Like Hitchcock, Sirk, and Fassbinder, most of Verhoeven's films are about the power of female sexuality. And, also like them, he seems by turns--and sometimes concurrently--fascinated and appalled by this awesome power; many of his heroines are more like superhuman fertility goddesses than like real human women. Explicitly or not, the central image of much of Verhoeven's work is the Freudian concept of the vagina dentata. This combined with the other pillar of Verhoeven's artistic vision--an overwhelming misanthropy (see childhood, Nazi occupation)--serves to make much of Verhoeven's work problematic for many viewers. Like Lars Von Trier, the most frequent target of Verhoeven's viciously gleeful anger is the film audience itself, an approach which warms very few cockles. In "Flesh and Blood" (1985), an abducted medieval maiden seizes control of her rapist by pretending to enjoy it; in his homage to Hitchcock, 1992's "Basic Instinct," and in the 1995 vicious satire "Showgirls" (a highly controversial film which some critics, myself included, consider Verhoeven's masterpiece and one of the most grossly underappreciated films of all time), Verhoeven's mythology of the vagina dentata is fully--almost literally--realized, with two of the fatale-est femmes since "Diabolique" or "Mademoiselle." (In "Basic Instinct," Verhoeven pays sly tribute to Sirk by casting Dorothy Malone, Oscar winner for Sirk's "Written on the Wind" and an obvious foremother to "Showgirls"'s Nomi Malone, as murderer-mentor to Sharon Stone.)

In his science fiction movies, the femme fatale tends to be less in evidence (though never completely absent), but Verhoeven's guiding misanthropy remains in the forefront. "Robocop" (1987) is a satire of corporate greed (as is "Showgirls," on one of its many levels); but it's also a special-effects thrill ride with lots of explosions. "Total Recall" (1990) is probably his most straightforward blockbuster, but with a story taken from Phillip K. Dick Verhoeven still manages to ridicule the government. "Starship Troopers" (1997) is a twisted homage to Leni Riefenstahl's "Triumph of the Will" and a vicious satire of jingoistic patriotism, but it's also got some very cool giant bugs in it. "Hollow Man" (2000) is a meditation on voyeurism and personal responsibility, but it's also a pretty cool special-effects vehicle about an invisible mad scientist.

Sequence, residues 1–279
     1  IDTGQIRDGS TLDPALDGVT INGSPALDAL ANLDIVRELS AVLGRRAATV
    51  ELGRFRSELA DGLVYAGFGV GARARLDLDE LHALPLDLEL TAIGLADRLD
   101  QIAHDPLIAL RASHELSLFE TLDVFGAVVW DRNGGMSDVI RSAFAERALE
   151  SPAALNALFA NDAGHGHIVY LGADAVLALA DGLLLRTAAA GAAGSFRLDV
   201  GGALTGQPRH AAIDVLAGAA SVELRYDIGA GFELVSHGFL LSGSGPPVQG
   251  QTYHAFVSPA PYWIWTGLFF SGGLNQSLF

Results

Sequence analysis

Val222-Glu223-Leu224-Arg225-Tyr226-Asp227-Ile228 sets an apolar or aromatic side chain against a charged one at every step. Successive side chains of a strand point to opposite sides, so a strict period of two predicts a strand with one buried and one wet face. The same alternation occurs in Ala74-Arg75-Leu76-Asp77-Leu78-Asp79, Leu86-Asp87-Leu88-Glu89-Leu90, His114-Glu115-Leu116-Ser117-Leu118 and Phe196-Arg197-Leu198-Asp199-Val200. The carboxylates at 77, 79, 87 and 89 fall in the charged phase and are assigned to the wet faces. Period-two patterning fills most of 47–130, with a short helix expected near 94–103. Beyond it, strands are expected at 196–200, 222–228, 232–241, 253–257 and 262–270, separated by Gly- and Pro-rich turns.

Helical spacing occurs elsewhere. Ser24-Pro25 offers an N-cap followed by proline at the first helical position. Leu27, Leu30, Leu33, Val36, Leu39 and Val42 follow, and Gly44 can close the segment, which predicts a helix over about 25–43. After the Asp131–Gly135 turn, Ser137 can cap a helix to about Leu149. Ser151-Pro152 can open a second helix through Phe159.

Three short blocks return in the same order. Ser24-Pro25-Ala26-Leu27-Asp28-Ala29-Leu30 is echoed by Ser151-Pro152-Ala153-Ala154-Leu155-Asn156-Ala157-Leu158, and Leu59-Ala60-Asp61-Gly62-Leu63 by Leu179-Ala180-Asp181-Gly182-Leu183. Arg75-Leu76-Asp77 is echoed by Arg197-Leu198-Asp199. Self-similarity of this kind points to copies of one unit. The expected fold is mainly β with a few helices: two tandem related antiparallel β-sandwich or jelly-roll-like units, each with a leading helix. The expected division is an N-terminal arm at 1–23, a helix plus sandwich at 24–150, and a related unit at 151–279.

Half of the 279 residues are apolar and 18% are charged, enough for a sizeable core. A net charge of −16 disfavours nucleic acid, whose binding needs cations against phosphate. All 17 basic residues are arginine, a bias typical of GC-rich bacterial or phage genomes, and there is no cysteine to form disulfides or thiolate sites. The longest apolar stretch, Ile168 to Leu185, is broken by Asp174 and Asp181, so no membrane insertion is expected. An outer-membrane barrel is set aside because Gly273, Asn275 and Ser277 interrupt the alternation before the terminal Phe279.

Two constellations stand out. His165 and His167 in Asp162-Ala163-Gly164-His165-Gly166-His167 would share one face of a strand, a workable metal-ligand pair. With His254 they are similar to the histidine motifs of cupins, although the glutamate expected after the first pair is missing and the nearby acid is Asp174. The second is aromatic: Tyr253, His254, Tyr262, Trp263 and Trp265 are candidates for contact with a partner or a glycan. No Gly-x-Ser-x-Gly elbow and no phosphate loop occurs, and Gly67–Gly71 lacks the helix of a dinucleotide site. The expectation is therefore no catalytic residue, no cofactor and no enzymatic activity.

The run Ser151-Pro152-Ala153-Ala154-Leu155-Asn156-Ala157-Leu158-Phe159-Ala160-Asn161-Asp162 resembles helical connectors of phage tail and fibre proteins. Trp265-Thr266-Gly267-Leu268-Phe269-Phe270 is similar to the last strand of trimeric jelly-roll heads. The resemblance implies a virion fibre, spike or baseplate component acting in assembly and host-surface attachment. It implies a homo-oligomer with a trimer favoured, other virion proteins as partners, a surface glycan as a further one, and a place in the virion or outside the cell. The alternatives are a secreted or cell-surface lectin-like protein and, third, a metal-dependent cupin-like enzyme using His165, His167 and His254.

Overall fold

Paul Verhoeven, by working well within the visual vocabulary of the Hollywood blockbuster but upending the audience's expectations at every opportunity, is at the same time one of the most commercially polished and politically (and sexually) subversive directors working today.
Here's this newspaper's own Jonathan Rosenbaum (arguably one of the most respected movie critics in the world today) on Showgirls:
. . . it must be admitted that, as with Basic Instinct and Starship Troopers , which I also underrated initially, this movie has only improved with age--or maybe it's just that viewers like me are only now catching up with the ideological ramifications of the cartoonlike characters. In this case, the degree to which Las Vegas (and by implication Hollywood) is viewed as the ultimate capitalist machine is an essential part of the poisonous package.
And this forum's resident moviegeek, Cervaise, wrote a very clearheaded treatment of Verhoeven and Showgirls in a thread titled "Verhoeven reconsidered," but the hamsters are obviously not fans: it no longer exists.